When I hear the born that way defense I am reminded of a conversation I had with a coworker in the late 1980s. She told me that she had taken the pill when it was introduced in the 1960s. At some point she had gone on a long weekend with her husband but forgot to take her pills with her. When she returned from the trip she took 4 at once to catch up. When she shared what she had done to her doctor, he was aghast. He had been studying the research available on the pill and told her that had she conceived during those days, the baby’s sex would have been changed by the hormones from taking 4 pills at once. It is not beyond reasonable to conclude that many young women over the years may have done the same. Born that way? Perhaps but not conceived that way.

  30. Marion Ancilla Mariae says:

    Like others here, I am puzzled by the “born that way” argument regarding people with same-sex attraction, as if being “born that way” makes any given person’s characteristics (a) normal; (b) morally acceptable.

    People with haemophilia and cystic fibrosis are “born that way,” too. Yet, no one would present as “normal” a *hereditary* condition whereby the person’s blood refuses to clot, so that the person may die of a hemorrhage brought on by the merest scratch or bruise. But haemophiliacs were “born that way.” And people with cystic fibrosis are also “born that way;” from infancy, the secretions which the human body naturally produces are unusually viscous, so that these children cough incessantly, and may experience injury to their lungs and develop pneumonia, even when very young. “Born that way,” but yet not “normal”!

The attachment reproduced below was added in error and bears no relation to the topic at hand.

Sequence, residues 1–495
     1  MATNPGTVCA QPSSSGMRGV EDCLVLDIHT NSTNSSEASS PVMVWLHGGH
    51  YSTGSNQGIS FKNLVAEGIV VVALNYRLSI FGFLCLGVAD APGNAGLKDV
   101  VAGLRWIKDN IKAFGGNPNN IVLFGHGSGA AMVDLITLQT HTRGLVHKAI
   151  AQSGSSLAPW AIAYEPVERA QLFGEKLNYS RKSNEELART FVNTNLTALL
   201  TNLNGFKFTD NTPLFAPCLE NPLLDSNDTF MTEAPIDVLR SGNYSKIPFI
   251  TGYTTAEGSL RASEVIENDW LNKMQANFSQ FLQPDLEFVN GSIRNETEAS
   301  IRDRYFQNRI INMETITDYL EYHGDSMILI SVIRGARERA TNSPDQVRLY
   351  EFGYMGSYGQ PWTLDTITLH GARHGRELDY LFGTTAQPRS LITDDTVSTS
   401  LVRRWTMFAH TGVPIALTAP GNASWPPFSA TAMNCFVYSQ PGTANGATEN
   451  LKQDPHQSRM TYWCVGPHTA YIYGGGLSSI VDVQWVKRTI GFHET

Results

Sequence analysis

Because people with these and many other genetic diseases are “born that way,” should their symptoms be embraced, even celebrated? Should there be Sickle-Cell Anemia Pride parades? And should medical researchers treating hereditary neurofibromatosis as a disease be cited for bigotry against people with that conditions? Indeed, if it’s a sign of bigotry and intolerance to refuse to accept as normal the homosexual lifestyle, even though some people are sure they are “born that way,” is it also a sign of bigotry and intolerance to refuse to accept as normal the hereditary diseases mentioned earlier, because, after all, some people are “born that way” ?

  31. KateD says:

    What an interesting article. Thank you for posting about it.

    No one is born gay. Period. God has declared it a sin that cries to heaven, one of the few things that really ticks Him off…He would therefore not create someone that way. God doesn’t create people to hate. This is why one can say with confidence that scientists will NEVER find, nor be able to engineer a ‘gay gene’.

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  33. stephen c says: